Absinthe Cocktail Recipes

My Wonderful Experience at the Palette Absinthe Event

My Wonderful Experience at the Palette Absinthe Event

 

Absinthia Vermut at an absinthe event
Absinthia at Palette absinthe event

 

For the second time, I was invited to the Palette SF to host an evening of absinthe tastings. I was thrilled to return and excited that the event was sold out.

Palette SF is one of my favorite places to enjoy a glass of absinthe and good company. Located in the SoMa neighborhood in San Francisco, Palette SF is also an art gallery. They show a wide range of artists with rotating group and solo exhibitions.

Thanks to the perceptive eye of the Gallery Coordinator, Lena Conley, the exhibit titled “POLLAN-ators” filled the room with stunning artwork against a beautiful black wall. Adding to the atmosphere were floral sculptures that brought a touch of decadence to the event.

The Absinthe tasting was designed by Trevin Hutch, the Palette bar manager. Trevin brings a certain amount of style and wit to cocktail events. And I admire Trevin’s approach to classic cocktails with a modern, post-prohibition approach.

 

Trevin Hutch & glass art by Sam Schumacher

 

I was delighted with the hand-blown art used that evening. Every glass in the restaurant was created by glass artist Sam Schumacher, including gorgeous absinthe fountains and glassware. These details of beautifully designed glassware emphasized the slow method ritual of pouring absinthe. A technique that I helped attendees understand is that the absinthe fountain is truly a water fountain, as it would never hold absinthe. It is used to slowly drip water into the absinthe glass.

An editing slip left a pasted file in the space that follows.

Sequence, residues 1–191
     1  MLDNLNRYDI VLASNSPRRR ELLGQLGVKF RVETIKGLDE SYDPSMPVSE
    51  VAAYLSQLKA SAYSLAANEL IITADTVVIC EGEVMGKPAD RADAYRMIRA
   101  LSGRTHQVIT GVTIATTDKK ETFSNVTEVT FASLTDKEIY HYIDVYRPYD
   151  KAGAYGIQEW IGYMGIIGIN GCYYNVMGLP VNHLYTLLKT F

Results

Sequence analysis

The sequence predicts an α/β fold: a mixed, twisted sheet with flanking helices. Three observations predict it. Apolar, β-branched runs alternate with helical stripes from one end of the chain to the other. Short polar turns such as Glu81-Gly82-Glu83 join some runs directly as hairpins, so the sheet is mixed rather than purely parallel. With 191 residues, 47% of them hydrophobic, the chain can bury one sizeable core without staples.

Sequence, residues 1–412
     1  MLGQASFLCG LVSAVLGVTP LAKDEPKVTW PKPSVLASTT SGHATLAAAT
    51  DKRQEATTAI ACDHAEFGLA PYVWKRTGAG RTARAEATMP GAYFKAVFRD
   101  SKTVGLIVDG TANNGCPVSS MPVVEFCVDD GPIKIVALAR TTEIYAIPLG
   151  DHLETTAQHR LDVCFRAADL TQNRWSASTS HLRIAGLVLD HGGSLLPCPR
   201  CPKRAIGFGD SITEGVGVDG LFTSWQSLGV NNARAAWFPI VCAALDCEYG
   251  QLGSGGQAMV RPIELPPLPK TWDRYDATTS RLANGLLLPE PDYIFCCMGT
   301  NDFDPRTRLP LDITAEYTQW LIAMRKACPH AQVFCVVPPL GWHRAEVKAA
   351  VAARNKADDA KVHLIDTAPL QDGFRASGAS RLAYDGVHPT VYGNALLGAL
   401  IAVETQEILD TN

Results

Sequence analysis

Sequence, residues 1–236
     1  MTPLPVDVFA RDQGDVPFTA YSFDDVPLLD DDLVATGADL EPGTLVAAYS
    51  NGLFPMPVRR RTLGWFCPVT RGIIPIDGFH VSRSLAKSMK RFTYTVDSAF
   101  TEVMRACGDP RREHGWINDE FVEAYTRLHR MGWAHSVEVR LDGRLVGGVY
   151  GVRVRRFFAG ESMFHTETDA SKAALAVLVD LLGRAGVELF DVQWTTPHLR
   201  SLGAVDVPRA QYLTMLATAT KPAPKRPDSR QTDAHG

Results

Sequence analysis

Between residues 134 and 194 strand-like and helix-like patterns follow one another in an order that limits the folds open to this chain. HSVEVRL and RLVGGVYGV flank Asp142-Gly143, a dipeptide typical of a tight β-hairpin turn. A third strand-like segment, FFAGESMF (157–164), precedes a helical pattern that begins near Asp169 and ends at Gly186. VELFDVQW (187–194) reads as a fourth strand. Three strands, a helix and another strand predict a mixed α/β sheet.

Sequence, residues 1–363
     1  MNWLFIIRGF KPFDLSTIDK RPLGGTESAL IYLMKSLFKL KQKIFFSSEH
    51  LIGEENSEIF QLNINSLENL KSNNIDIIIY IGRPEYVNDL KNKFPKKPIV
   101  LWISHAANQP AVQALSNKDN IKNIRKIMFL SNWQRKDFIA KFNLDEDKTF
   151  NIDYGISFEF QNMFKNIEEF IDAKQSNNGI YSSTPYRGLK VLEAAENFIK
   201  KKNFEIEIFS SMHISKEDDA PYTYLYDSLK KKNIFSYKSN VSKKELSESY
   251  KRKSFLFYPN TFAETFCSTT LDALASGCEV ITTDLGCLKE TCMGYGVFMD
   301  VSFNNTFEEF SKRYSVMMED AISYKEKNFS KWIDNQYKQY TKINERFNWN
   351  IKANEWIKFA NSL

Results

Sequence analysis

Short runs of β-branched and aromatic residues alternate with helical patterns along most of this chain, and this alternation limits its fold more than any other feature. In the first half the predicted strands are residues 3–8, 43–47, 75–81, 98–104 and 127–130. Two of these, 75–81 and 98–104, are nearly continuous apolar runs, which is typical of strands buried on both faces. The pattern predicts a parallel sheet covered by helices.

For this event, I made an Absinthe Louche with my Blanche and the Toulouse Lautrec cocktails with my Verte.

My Absinthe Blanche is soft and elegant. Once distilled, absinthe is aromatic, brilliantly clear, and colorless. The anise causes the louche effect that turns the absinthe a milky white with a slight blue haze when water is added.

My Absinthe Verte has an earthy, grassy flavor with a natural sweetness, and it is free of sugar. I choose to use this style absinthe for the Toulouse Lautrec recipe. Similar to Tremblement de Terre, or the Earthquake, recipe, Toulouse Lautrec cocktails include cognac and absinthe.

All of my absinthe styles are made from Biodynamic grapes and certified organic grande wormwood, anise, fennel, and coriander. Grab a bottle of your favorite style Here

 

“Absinthe Robette” by paukrus is licensed under CC BY-SA 2.0

 

Not one to shy away from bringing the Green Fairy to the party, the best part of the evening for me was sharing about absinthe with people. From the actual drink to the history of absinthe, I love all the fascinating stories and historical relevance of this stunning cocktail spirit. I explained absinthe’s history from the 1700s to the modern-day. Attendees learned all about absinthe’s lore, the anti-absinthe propaganda that began in the early 1900s, and why absinthe is legal today. I even discussed the differences between US and EU absinthe. We dove into some absinthe art history, and I spent time answering questions.

It was during this conversation that I was asked the best question about my absinthe process. I’ll tell you all about that in another blog post. But that question reminded me of how entertaining it is to reveal the history of absinthe to others and why I’m drawn to absinthe for more than its spectacular taste.

It was such a fun night teaming up with Palette SF for a party featuring absinthe in their art gallery! I’m looking forward to more of their stylish events.

To find out more about Palette and artist Sam Schumacher please visit their websites.

https://palette-sf.com/

http://www.rocketglassworks.com/